Massage therapists are oftentimes perceived as being kind and caring individuals, dedicated to assisting their fellow human beings. New research indicates an “altruism gene” may predispose some people to helping others.

Researchers from the University of Bonn, Germany, set out to determine if genetics might be responsible for our desire to do good things for other people.

According to the study, a minute change in a particular gene is associated with a significantly higher willingness to donate. People with this change gave twice as much money on average to a charitable cause as did other study subjects.

The researchers working with the psychologist Professor Dr. Martin Reuter invited their students to take a retention test: The roughly 100 participants were asked to memorize series of numbers and then repeat them as correctly as possible, according to a university press release.

The study participants received the sum of five Euros for doing this. Afterward, they could either take their hard-earned money home or donate any portion of it to a charitable cause. This decision was made freely and in apparent anonymity.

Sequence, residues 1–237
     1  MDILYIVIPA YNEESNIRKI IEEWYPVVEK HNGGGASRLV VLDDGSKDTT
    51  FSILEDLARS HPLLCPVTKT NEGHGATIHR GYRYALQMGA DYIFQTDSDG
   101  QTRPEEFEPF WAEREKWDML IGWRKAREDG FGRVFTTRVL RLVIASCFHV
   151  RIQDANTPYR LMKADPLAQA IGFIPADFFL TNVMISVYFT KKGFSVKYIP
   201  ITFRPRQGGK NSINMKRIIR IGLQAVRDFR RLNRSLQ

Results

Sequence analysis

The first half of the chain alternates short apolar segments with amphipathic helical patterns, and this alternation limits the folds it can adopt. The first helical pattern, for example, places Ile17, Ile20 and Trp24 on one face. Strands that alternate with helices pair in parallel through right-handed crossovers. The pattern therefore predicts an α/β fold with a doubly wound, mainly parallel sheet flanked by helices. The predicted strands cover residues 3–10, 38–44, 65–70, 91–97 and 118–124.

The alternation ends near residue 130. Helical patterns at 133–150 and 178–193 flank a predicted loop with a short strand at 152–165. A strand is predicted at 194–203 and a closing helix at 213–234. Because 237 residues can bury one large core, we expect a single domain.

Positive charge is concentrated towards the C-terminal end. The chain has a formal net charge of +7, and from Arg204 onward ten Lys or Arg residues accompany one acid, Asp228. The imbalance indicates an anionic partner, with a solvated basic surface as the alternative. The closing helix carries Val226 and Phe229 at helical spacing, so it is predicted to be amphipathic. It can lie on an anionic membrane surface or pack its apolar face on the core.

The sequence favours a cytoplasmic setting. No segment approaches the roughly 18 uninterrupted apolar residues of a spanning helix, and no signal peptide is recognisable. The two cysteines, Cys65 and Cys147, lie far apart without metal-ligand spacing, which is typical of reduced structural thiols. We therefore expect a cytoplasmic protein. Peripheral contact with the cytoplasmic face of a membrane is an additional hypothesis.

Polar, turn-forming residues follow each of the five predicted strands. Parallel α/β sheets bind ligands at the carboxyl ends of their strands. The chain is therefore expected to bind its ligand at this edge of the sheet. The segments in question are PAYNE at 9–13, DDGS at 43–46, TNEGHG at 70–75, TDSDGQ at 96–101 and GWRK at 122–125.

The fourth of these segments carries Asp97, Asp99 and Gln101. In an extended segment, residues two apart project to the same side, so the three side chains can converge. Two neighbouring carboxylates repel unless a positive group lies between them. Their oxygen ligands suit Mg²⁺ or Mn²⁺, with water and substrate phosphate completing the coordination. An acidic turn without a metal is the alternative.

“However, we always knew how much money was in the cash box beforehand and could therefore calculate the amount donated,” explains Reuter.

The scientists had asked their study subjects to undergo a cheek swab beforehand. They were able to extract DNA for genetic analyses from the cells thus sampled. In these analyses, they focused on one gene, the so-called COMT gene, the press release noted. The COMT genet contains the building instructions for an enzyme which inactivates certain messengers in the brain. The most well-known of these messengers is dopamine.

In the case of people with the COMT-Val variant, the associated enzyme works up to four times more effectively. Thus considerably more dopamine is inactivated in the brain of a person with this variant.

“Students with the COMT-Val gene donated twice as much money on average as did fellow students with the COMT-Met variant”, explains Reuter. This is the first time that researchers have been able to establish a connection between a particular gene and altruistic deeds. However, it was already known from studies on twins that altruistic behavior is also partly influenced by our genes.

The results have been published in the journal Social Cognitive & Affective Neuroscience.

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